Syracuse wins 1st men’s soccer title, beats Indiana on PKs
CARY, N.C. (AP) — Russell Shealy made two saves in an eight-round shootout and Amferny Sinclair scored the winner as…
CARY, N.C. (AP) — Russell Shealy made two saves in an eight-round shootout and Amferny Sinclair scored the winner as No. 3 Syracuse beat 13th-seeded Indiana 7-6 on penalty kicks after a 2-2 draw Monday night for its first NCAA men’s soccer title.
It was the longest penalty shootout in NCAA College Cup history.
Indiana tied the score 2-all in the 80th minute, and the title game went to overtime for the sixth time in nine years. After two scoreless 10-minute extra time sessions, each goalkeeper had a diving save in the second round before the next 10 players scored.
“Amferny Sinclair, how bout this guy? Captain, leader spiritually, on the field covers every blade of grass and for him to step up and score the winning penalty, I think it was written,” Syracuse coach Ian McIntyre said.
Syracuse (19-2-4) was playing in its first men’s soccer title match after setting a program record in the semifinals with its 18th win. The Orange became the second team in ACC history to win its division, conference tournament, and national championship in a single season — joining North Carolina in 2011.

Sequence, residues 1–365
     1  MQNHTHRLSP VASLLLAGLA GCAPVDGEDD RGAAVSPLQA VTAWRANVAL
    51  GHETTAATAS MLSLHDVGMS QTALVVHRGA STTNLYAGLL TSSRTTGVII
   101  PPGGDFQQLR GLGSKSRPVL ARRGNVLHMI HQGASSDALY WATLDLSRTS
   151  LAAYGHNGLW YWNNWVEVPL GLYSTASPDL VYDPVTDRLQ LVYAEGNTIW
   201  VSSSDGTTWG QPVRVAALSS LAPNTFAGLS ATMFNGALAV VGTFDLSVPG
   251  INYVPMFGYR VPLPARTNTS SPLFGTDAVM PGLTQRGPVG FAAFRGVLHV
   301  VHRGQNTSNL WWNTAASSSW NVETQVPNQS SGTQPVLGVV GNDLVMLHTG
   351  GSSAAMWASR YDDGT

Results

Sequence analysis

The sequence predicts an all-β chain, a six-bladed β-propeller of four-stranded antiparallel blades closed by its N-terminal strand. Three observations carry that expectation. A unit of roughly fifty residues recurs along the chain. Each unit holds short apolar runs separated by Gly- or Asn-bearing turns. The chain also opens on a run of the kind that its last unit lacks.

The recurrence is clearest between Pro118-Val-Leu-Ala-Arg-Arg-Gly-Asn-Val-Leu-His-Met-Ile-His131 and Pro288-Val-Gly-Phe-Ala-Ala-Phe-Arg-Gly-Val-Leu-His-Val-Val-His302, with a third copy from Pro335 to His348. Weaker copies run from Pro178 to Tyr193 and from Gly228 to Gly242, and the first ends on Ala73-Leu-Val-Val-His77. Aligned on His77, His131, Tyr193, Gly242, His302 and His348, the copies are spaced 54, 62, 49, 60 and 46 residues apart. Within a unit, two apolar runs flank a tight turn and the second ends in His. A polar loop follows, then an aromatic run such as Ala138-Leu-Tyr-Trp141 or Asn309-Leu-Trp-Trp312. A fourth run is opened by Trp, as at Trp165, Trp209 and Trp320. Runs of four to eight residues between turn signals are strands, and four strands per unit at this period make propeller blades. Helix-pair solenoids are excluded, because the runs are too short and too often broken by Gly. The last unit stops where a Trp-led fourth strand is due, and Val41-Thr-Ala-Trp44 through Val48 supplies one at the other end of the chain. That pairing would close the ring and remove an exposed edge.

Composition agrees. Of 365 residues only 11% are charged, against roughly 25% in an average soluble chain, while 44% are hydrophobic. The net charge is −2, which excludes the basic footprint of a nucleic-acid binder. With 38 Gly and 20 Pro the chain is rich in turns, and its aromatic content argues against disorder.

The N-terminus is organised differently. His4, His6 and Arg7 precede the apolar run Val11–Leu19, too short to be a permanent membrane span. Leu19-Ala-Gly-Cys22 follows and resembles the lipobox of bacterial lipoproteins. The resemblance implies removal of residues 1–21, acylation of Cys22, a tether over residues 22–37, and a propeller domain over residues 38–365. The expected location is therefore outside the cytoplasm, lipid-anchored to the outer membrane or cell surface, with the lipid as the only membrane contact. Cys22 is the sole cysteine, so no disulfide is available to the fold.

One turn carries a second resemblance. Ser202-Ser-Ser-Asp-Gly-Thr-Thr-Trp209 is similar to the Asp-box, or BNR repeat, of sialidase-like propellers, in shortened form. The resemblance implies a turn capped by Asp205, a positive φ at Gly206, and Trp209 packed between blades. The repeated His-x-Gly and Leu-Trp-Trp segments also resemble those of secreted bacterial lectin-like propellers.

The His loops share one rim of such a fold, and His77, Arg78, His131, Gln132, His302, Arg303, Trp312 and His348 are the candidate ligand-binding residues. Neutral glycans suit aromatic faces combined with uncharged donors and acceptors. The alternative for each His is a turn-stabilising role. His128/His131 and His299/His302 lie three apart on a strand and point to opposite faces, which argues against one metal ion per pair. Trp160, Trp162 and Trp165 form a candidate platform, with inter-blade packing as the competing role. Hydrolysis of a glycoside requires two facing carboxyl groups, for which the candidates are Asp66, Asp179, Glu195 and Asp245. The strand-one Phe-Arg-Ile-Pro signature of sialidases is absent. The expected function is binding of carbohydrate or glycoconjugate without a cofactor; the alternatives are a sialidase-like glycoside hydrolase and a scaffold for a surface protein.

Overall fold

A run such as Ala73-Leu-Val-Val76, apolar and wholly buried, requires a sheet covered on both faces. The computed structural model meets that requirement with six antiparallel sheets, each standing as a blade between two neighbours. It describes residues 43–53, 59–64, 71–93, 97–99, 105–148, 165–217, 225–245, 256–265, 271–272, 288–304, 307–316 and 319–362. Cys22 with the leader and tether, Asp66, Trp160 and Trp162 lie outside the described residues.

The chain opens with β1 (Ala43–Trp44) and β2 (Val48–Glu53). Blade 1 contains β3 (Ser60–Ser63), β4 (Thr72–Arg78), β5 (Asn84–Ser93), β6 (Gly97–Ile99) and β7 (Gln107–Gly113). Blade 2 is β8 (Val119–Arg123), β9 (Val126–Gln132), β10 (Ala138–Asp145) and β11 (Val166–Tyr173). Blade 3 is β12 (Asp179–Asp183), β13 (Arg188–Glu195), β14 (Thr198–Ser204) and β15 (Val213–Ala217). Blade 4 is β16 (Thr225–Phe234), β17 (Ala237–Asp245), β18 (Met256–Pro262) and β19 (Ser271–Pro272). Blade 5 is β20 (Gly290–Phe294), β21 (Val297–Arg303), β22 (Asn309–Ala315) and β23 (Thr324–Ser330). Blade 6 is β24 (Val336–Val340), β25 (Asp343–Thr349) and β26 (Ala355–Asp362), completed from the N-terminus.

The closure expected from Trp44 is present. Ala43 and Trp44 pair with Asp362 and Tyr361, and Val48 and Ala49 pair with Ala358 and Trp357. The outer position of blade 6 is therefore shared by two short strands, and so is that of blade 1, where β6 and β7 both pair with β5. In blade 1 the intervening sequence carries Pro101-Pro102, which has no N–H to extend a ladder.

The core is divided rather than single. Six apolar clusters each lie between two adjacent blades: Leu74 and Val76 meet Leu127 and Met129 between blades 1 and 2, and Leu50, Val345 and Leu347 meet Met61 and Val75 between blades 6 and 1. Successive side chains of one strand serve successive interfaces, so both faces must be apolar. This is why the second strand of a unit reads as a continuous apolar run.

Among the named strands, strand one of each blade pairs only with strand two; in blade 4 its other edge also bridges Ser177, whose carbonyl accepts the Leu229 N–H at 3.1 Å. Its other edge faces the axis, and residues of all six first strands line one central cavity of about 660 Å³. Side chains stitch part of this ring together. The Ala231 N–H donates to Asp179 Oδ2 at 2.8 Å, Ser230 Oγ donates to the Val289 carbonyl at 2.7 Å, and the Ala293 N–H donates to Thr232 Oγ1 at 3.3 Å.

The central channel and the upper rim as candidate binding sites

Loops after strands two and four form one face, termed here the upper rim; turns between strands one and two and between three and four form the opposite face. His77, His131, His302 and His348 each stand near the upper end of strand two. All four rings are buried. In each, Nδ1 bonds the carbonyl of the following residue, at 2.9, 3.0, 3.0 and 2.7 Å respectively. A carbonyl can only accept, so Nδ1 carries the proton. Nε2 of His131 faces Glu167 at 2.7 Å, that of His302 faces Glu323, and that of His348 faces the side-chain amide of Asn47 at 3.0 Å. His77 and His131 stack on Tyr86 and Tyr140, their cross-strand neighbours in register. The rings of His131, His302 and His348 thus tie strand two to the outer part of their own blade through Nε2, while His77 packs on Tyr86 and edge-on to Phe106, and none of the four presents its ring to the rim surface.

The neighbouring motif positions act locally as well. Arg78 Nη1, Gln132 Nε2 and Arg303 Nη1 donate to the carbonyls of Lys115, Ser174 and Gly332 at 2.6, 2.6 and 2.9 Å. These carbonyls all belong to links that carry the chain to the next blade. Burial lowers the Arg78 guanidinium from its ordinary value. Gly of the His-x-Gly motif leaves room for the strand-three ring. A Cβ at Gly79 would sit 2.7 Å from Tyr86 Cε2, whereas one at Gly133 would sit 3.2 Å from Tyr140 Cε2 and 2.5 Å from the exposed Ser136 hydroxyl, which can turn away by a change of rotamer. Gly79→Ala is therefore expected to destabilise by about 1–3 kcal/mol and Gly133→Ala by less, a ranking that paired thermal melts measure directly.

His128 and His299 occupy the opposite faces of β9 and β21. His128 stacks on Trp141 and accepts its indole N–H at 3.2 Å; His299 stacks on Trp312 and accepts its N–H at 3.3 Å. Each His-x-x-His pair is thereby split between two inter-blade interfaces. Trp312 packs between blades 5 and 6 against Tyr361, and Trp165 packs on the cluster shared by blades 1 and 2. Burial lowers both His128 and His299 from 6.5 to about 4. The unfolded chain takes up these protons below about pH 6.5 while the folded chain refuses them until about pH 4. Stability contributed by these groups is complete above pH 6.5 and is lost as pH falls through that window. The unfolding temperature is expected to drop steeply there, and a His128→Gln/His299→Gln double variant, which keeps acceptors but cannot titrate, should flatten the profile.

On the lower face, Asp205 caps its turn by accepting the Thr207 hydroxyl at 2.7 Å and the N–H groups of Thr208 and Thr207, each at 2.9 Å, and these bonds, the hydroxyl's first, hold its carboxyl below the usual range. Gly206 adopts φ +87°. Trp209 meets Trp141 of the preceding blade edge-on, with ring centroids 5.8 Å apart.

Nathan Opoku opened the scoring in the 24th minute with his 11th goal of the season to snap Indiana’s string of four straight games without allowing a goal in the tournament.
Opoku eluded two defenders at the corner of the 18-yard box and curled the ball into the top left corner of the net. He also played a role in Syracuse’s second goal when he drew defenders at the edge of the box and chipped a cross in front of goal that Curt Calov settled and poked in. Calov entered as a substitute and scored 1 minute, 26 seconds later for a 2-1 lead.
Indiana (14-5-6) was in the title match for an NCAA-record 17th time and the second in three seasons. The eight-time champion Hoosiers last won the title in 2012, the third year of the Todd Yeagley era.
Patrick McDonald scored for Indiana in the first half on a corner kick. Herbert Endeley tied it at 2-all when a deflected cross fell to his feet at the top of the 18-yard box and he hammered it home.
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